Dolphins living off Melbourne, Australia, had been thought to be members of a common species, the bottlenose (Tursiops truncatus). Recently, though, researchers decided to take a closer look at the population. Differences in their skulls (measured in museum specimens) reinforced DNA evidence that these dolphins were a species unto themselves. Welcome Tursiops australis (known from an Aboriginal term as the Burrunan dolphin). There are only about 150 members of this species known to science, and they inhabit a very small area compared to most cetaceans. According to Kate Charlton-Robb of Monash University, "This is an incredibly fascinating discovery as there have only been three new dolphin species formally described and recognised since the late 1800s. What makes this even more exciting is this dolphin species has been living right under our noses."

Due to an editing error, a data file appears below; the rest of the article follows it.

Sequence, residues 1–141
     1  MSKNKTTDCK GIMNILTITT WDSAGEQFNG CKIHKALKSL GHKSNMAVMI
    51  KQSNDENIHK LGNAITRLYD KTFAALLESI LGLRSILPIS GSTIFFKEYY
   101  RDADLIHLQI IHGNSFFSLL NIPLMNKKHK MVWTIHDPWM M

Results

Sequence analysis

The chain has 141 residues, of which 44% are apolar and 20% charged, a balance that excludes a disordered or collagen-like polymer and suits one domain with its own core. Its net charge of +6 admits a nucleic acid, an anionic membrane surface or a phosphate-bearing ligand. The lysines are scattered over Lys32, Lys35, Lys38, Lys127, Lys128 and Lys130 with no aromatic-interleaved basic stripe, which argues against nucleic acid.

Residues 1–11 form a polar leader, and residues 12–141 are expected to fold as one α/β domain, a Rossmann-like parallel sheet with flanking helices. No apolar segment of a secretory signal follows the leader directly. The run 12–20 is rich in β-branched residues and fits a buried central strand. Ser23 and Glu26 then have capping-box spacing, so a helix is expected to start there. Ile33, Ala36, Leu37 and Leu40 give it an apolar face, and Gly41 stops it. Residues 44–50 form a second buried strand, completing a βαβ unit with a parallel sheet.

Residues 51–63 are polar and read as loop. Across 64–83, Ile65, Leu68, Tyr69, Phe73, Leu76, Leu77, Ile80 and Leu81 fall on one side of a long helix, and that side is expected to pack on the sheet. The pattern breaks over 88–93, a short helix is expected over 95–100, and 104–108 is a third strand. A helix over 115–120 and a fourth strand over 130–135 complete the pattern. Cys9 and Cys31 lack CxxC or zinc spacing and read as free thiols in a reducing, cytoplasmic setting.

COMMENT: Discovery is very often right under our noses...a lot of the stories in this blog have begun with someone having a thought like, "That creature looks a bit off..."